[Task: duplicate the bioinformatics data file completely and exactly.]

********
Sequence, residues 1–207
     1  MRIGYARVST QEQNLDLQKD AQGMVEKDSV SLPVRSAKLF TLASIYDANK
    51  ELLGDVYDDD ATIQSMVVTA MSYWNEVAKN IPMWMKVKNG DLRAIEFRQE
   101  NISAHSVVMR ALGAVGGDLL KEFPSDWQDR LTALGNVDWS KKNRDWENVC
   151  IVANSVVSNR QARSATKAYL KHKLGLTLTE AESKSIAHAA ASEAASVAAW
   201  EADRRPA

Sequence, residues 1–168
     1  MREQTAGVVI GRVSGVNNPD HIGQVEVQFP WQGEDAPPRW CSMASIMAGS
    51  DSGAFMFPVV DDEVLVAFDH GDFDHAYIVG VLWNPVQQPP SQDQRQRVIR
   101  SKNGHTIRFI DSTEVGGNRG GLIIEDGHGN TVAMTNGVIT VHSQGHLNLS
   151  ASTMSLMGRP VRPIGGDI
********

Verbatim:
Sequence, residues 1–207
     1  MRIGYARVST QEQNLDLQKD AQGMVEKDSV SLPVRSAKLF TLASIYDANK
    51  ELLGDVYDDD ATIQSMVVTA MSYWNEVAKN IPMWMKVKNG DLRAIEFRQE
   101  NISAHSVVMR ALGAVGGDLL KEFPSDWQDR LTALGNVDWS KKNRDWENVC
   151  IVANSVVSNR QARSATKAYL KHKLGLTLTE AESKSIAHAA ASEAASVAAW
   201  EADRRPA

Sequence, residues 1–168
     1  MREQTAGVVI GRVSGVNNPD HIGQVEVQFP WQGEDAPPRW CSMASIMAGS
    51  DSGAFMFPVV DDEVLVAFDH GDFDHAYIVG VLWNPVQQPP SQDQRQRVIR
   101  SKNGHTIRFI DSTEVGGNRG GLIIEDGHGN TVAMTNGVIT VHSQGHLNLS
   151  ASTMSLMGRP VRPIGGDI